We are all molded and guided by both our own and our mentors experiences. They provide a ready reference to us when we need to make a decision. The experience of others can be a short cut to gaining knowledge and maybe wisdom. As the German statesman Bismarck said, ‘Fools say they learn from their mistakes, I prefer to learn from the mistake of others’; and George Santayana counseled ‘Those who cannot remember the past are condemned to repeat it’. Therefore derived experience can be a great guide.
Provided, that is, it relates to the current situation. Lessons learned are very valuable as long as they do not lead us to ‘fight the last war’. Also there is a great danger that the lessons we draw from history are the incorrect ones. History is written by the victors and their viewpoint will color the analysis and flavor the conclusions.
Ask the question: ‘Who really won WWII?’ and you’d get different answers depending on who you asked, and also when you asked them. If the question was posed immediately after the end of the conflict then the British would say we did, and the American and Russian would say likewise. Ask in the fifties, at the height of the Cold War and Russian efforts would be downplayed. Ask now, sixty or more years later and you’ll get a more balanced view.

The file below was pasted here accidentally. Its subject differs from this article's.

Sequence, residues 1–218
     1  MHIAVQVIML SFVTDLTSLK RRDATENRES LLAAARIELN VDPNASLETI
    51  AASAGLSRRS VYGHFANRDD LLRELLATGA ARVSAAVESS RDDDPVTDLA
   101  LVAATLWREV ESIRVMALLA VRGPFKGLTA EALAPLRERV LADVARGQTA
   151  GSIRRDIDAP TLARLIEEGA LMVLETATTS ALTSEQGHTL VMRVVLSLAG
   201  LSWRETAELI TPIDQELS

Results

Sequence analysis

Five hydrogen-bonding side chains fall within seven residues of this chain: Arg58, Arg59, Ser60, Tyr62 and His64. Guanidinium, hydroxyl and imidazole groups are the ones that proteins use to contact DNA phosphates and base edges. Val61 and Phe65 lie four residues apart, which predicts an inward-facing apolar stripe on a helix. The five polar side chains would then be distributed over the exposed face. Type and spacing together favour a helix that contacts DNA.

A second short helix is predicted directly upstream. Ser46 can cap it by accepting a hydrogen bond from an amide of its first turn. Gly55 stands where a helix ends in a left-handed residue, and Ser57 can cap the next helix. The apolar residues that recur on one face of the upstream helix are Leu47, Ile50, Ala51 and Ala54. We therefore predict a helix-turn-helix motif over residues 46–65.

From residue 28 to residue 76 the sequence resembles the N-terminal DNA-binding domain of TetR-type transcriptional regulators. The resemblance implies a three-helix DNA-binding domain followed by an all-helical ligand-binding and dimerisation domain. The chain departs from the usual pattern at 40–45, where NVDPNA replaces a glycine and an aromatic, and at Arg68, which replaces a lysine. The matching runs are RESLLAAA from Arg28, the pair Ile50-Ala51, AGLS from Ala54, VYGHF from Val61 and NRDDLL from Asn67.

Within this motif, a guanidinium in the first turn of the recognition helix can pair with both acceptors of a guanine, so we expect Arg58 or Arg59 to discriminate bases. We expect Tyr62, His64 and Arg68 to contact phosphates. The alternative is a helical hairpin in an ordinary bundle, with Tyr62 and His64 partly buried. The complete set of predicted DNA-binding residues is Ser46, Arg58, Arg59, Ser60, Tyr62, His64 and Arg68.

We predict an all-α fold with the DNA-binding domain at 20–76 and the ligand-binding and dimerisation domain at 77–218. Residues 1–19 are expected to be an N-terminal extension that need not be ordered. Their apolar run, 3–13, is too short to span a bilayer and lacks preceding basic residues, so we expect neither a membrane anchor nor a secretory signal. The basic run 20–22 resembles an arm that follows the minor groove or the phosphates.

So knowing your opponents past experiences can help you decide how she might respond in a given situation. Also, if you make the situation resemble, in part, that which they have dealt with in the past then they can be fooled.
In commerce lessons learned are incorporated within a company’s business model. If your business model becomes outdated then you are in big trouble. Look at the consumer PC market: Initially the business model of Compaq and IBM was to use distribution channels – dealers and retailers – to put their products in front of the consumer via stores. This meant that they had to forecast the type and specifications of machines that the consumer would want. If they got it wrong then they had unsold machine and eventually obsolete stock.